Volvo just made some tech announcements at this year’s CES. We learned more about the company efforts towards autonomyand in the near future, Volvo’s infotainment system is getting some notable updates.
We’ll start with autonomy and the system Volvo is calling “Ride”. Pilot. Volvo says it is working with autonomous driving software companies Zensact and Luminar to bring more autonomy to its future vehicles. They announced today that the final “Ride Pilot” system that will arise from this partnership will first be made available to customers in California before rolling out in other regions. Volvo is limiting initial use to California, as it says “climate, traffic conditions and regulatory frameworks provide a favorable environment for the introduction of autonomous driving.”
The system takes full control of the vehicle when it is turned on. That means drivers can do what they want, not limited to reading, writing or working, Volvo said.
The name ‘Ride Pilot’ implies what drivers can expect: when the car drives itself, Volvo Cars takes charge of the driving, providing the driver with comfort and peace of mind, explains Volvo.
It will be available as an add-on subscription service to one All-electric SUV to be revealed later this year. How much it will cost per month or per year remains a mystery, but you won’t be able to calculate it with the car’s standard purchase price. Said EV will be equipped with five radars, eight cameras and sixteen ultrasonic sensors.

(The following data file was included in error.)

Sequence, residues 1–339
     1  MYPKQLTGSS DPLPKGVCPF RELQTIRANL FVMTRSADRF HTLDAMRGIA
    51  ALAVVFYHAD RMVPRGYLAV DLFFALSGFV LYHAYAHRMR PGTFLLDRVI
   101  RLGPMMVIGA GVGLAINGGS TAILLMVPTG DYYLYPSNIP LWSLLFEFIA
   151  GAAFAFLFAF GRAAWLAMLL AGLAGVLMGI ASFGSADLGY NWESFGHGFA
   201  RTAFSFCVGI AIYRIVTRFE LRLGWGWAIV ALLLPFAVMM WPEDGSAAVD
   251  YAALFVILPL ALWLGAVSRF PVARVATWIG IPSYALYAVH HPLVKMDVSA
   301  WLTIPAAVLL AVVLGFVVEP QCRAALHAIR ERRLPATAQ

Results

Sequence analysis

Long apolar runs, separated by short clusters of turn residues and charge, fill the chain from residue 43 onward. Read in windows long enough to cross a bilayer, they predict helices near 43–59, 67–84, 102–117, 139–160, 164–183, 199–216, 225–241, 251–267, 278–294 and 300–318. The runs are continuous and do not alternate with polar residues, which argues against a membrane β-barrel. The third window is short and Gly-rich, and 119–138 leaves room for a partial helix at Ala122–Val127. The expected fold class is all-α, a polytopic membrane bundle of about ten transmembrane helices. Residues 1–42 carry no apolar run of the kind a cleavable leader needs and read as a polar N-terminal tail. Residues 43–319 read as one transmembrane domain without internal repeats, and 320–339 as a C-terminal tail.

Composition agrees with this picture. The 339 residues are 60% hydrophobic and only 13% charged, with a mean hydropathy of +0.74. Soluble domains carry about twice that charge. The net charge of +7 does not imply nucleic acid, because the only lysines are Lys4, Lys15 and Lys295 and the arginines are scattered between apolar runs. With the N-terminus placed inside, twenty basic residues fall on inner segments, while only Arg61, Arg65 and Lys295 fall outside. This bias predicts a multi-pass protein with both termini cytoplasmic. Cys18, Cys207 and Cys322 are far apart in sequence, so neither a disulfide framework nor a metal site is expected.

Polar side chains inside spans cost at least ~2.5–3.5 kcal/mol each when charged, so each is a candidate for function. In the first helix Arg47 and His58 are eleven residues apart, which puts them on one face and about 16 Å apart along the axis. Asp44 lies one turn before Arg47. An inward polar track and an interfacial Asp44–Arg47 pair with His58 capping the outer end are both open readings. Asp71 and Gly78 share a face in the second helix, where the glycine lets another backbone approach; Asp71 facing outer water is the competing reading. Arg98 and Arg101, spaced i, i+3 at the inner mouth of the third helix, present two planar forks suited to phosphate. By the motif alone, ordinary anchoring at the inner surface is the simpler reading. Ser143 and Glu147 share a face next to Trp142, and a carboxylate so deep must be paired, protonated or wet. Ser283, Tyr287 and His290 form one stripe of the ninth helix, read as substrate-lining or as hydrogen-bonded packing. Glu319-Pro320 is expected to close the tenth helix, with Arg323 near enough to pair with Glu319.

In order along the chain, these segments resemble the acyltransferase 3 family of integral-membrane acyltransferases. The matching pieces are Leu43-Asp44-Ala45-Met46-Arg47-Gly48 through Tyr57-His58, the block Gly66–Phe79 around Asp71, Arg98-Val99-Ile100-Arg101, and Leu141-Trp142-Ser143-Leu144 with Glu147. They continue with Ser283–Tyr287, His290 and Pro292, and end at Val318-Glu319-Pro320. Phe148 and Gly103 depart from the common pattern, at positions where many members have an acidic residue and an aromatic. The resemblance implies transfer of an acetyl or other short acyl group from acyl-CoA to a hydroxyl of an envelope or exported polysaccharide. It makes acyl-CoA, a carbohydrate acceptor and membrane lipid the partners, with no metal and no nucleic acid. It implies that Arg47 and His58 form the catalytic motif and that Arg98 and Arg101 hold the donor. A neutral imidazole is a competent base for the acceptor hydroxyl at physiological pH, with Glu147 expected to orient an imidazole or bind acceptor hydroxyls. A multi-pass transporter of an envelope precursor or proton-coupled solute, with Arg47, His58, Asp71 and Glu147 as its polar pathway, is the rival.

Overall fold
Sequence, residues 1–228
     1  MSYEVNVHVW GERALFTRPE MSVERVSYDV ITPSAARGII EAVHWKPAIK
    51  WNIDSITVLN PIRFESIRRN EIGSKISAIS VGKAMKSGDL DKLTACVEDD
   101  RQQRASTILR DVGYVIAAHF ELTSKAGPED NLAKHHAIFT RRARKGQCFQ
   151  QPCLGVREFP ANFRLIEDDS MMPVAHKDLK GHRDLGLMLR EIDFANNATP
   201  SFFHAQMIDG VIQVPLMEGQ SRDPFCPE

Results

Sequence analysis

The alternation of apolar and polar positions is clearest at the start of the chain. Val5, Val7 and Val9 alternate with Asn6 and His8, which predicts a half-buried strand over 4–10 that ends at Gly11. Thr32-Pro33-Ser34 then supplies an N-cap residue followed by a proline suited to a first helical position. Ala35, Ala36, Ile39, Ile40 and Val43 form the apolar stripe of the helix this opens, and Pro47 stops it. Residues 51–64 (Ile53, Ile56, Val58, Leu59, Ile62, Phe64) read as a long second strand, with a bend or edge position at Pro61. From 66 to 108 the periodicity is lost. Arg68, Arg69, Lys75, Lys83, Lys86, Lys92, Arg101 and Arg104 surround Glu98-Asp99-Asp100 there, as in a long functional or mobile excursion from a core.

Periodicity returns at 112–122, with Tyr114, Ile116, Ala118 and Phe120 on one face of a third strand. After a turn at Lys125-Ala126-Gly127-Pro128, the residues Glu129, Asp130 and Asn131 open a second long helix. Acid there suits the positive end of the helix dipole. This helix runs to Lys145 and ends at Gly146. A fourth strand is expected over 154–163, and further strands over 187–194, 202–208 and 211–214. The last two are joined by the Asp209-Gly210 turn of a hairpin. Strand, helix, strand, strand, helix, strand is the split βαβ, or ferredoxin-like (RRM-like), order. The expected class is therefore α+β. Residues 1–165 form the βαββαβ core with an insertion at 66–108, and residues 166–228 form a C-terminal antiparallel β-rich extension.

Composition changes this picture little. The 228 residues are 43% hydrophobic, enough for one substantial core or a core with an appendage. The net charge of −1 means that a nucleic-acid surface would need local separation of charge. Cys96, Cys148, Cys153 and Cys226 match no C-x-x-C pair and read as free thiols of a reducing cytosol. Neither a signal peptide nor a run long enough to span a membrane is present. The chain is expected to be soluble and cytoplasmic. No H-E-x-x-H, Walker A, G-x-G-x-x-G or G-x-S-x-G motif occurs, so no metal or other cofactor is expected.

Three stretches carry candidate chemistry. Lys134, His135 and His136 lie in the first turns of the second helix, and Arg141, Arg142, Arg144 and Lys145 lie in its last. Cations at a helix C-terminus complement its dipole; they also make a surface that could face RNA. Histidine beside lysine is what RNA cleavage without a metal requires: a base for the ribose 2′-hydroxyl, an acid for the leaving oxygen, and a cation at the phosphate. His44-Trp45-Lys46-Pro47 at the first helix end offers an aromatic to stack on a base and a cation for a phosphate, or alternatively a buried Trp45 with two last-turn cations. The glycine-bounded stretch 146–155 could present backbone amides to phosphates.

Testing of the autonomous system will take place in California by the middle of this year, and it’s already underway in Sweden and across Europe. Only when Volvo says it’s been verified for highway use will the feature be available for subscription. Volvo did not provide year estimates for the initial rollout.
Update Google and Android Cars
Volvo cars run on Google platform Android car infotainment system will soon be integrated with the Google Home ecosystem and Google Assistant-enabled devices. This will give you more ability to control your car with any Google Assistant device in your home. You could theoretically schedule a charge (for an EV or PHEV), lock the doors, or start the car via voice commands – for more sensitive commands like unlocking the car, Volvo says it will ask for authentication two factors. Additionally, Volvo says it will soon add a YouTube app to its cars to allow people to simply watch YouTube on the infotainment screen. This will prove useful/interesting when you are charging your electric Volvo. Volvo specifically states that video playback will not be possible while the car is in motion.
Finally, the new Volvo cars will get a hardware upgrade with Qualcomm’s permission. The chip company’s new Cockpit Platform chip will power Volvo’s infotainment systems in the future, and Volvo claims the upgrade will produce a system twice as fast as the current one. Plus, especially when it comes to graphics-related screen functions, the system will be up to 10x faster.